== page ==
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Hot investments can cool
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We’re in the “dog days” of summer — traditionally the hottest, steamiest time of year. But in a few weeks, the temperatures will begin to cool down.
Nature isn’t alone in this heating-and-cooling pattern. You also can find evidence of it in the investment world. To be specific, today’s “hot” investments can lose their sizzle quickly, which means that as an investor, you’ll need to take steps to avoid being left out in the cold.
An investment can become “hot” — that is, its price can shoot up — for any of a number of reasons. For example, a company that provides a well-known product or service may decide to “go public” by making its shares available to investors. When this happens, the stocks become “hot” for a while.
An investment also may become hot if a favorable event occurs, as might be the case with a drug company that gains permission to sell a medicine that’s much in demand. And some investments heat up because an “expert” is touting them in the media. 
Although different investments may get hot for different reasons, they all share one thing in common: They will cool off. In fact, by the time you and many other investors hear about a hot stock, it already may be cooling off. If you buy into an investment that’s been hot for a while, you should recognize that its “upside potential” may not be what you think.
To help achieve your financial goals, you may be better off by not chasing after hot stocks. Instead, consider these ideas:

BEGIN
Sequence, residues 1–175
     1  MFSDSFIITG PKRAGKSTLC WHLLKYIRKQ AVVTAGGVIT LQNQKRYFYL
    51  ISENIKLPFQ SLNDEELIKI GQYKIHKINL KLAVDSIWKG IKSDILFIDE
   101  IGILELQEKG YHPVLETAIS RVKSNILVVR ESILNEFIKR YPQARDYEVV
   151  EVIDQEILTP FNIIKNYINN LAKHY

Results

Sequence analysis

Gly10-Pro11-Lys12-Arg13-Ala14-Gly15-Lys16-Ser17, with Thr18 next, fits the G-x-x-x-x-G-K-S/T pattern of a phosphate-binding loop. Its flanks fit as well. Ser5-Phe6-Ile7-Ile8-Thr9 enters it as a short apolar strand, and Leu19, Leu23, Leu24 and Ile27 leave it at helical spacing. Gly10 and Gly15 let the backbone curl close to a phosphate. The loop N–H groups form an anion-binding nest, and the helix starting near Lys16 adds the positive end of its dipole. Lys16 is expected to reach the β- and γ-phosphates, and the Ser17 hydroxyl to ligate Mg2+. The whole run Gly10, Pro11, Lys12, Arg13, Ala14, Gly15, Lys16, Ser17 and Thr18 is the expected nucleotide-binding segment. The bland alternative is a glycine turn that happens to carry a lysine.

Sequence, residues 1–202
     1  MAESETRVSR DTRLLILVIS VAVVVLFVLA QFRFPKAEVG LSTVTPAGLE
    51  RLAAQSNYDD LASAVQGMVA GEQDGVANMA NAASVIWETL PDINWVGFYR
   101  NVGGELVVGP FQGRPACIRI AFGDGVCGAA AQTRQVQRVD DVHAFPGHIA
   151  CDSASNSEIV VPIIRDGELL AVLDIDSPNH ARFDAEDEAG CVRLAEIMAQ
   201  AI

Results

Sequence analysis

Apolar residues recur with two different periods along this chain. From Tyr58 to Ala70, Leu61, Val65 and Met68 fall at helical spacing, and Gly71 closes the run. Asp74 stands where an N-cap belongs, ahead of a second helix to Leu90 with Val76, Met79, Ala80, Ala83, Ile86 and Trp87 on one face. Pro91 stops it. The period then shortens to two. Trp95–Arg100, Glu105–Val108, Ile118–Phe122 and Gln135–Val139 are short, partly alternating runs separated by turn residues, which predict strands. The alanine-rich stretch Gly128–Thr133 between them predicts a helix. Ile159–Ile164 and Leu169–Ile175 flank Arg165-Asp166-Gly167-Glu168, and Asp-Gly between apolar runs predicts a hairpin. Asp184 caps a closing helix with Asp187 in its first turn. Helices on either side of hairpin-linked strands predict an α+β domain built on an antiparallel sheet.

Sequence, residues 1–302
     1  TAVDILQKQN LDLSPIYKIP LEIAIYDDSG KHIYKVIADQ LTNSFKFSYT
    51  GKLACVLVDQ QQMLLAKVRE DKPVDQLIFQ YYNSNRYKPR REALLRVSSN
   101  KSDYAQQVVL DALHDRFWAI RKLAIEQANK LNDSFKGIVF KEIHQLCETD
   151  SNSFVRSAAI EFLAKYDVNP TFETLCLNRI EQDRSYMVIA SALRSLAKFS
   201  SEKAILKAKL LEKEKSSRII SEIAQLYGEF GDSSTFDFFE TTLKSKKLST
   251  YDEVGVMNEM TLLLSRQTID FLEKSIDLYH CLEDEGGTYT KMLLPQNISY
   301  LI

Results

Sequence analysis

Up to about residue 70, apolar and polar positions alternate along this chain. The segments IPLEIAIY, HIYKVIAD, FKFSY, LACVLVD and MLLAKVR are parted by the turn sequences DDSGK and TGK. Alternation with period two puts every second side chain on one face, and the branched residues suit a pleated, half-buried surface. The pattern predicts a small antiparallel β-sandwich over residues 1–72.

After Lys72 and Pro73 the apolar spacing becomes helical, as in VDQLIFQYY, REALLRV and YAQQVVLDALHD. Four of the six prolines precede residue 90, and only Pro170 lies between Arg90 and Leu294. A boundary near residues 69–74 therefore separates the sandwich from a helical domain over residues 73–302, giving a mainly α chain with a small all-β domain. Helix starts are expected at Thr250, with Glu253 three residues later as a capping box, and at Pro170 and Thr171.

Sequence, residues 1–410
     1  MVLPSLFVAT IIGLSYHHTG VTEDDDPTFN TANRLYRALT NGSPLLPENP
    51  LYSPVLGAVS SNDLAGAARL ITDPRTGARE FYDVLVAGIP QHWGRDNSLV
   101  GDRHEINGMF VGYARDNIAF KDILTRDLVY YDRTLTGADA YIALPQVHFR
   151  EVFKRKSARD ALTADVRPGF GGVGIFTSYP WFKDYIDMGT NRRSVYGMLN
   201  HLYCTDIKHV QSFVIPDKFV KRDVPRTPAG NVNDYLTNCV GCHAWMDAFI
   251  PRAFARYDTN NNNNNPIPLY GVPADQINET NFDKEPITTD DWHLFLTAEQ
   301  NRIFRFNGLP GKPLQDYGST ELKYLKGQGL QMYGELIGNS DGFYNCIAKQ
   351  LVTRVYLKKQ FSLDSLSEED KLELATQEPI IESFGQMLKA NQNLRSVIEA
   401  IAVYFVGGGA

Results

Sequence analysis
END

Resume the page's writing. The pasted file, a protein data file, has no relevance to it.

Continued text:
• Increase share ownership. One key to building wealth is to increase the amount of shares you own in your investments. Hot stocks often are expensive stocks, so you may be limited in the number of shares you can purchase.
As an alternative, look for quality investments that are trading at reasonable prices. You also might consider buying additional shares in quality companies you already own.
• Buy appropriate investments. Even if you can afford to buy some shares in hot stocks, should you? These stocks may not be suitable for your needs, for any number of reasons: too risky for your risk tolerance, too similar to other stocks you already own and so on.
You need to own investments that are appropriate for your individual needs. Of course, you also need to keep in mind that any investment in stocks — whether hot or not — will fluctuate with changes in market conditions and may be worth more or less than your original investment when you sell.
• Diversify your holdings. By continually pursuing hot investments, you might end up with an unbalanced, non-diversified portfolio. By diversifying your holdings, you can help reduce the effects of volatility on your portfolio. However, diversification, by itself, cannot guarantee a profit or protect against loss.
• Think long term. Chasing hot stocks strictly is a short-term move. Successful investors adhere to long-term strategies that require discipline, patience and a constant focus on the future.
 By following these suggestions, you’re unlikely to experience the thrill of chasing after hot investments, but you will get the satisfaction of building a portfolio designed to help meet your important investment goals.

Cardella is an investment advisor for Edward Jones, which provided this column.

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